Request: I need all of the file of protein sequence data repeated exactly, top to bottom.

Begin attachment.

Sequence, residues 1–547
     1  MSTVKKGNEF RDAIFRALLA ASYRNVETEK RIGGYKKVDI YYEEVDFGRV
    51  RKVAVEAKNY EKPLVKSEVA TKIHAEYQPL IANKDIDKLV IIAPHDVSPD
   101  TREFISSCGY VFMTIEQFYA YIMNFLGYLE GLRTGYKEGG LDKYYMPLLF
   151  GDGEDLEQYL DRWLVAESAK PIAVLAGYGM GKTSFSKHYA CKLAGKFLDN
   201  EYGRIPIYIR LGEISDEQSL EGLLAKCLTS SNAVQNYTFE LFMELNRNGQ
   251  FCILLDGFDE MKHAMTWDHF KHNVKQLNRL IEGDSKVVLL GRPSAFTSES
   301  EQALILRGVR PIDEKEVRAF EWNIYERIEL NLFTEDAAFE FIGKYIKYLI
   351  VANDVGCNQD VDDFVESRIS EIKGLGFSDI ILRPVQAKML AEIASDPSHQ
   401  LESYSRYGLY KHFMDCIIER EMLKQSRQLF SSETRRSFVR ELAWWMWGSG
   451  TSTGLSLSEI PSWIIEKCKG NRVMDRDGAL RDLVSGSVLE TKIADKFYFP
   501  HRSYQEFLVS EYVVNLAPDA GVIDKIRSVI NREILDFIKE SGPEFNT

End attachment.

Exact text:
Sequence, residues 1–547
     1  MSTVKKGNEF RDAIFRALLA ASYRNVETEK RIGGYKKVDI YYEEVDFGRV
    51  RKVAVEAKNY EKPLVKSEVA TKIHAEYQPL IANKDIDKLV IIAPHDVSPD
   101  TREFISSCGY VFMTIEQFYA YIMNFLGYLE GLRTGYKEGG LDKYYMPLLF
   151  GDGEDLEQYL DRWLVAESAK PIAVLAGYGM GKTSFSKHYA CKLAGKFLDN
   201  EYGRIPIYIR LGEISDEQSL EGLLAKCLTS SNAVQNYTFE LFMELNRNGQ
   251  FCILLDGFDE MKHAMTWDHF KHNVKQLNRL IEGDSKVVLL GRPSAFTSES
   301  EQALILRGVR PIDEKEVRAF EWNIYERIEL NLFTEDAAFE FIGKYIKYLI
   351  VANDVGCNQD VDDFVESRIS EIKGLGFSDI ILRPVQAKML AEIASDPSHQ
   401  LESYSRYGLY KHFMDCIIER EMLKQSRQLF SSETRRSFVR ELAWWMWGSG
   451  TSTGLSLSEI PSWIIEKCKG NRVMDRDGAL RDLVSGSVLE TKIADKFYFP
   501  HRSYQEFLVS EYVVNLAPDA GVIDKIRSVI NREILDFIKE SGPEFNT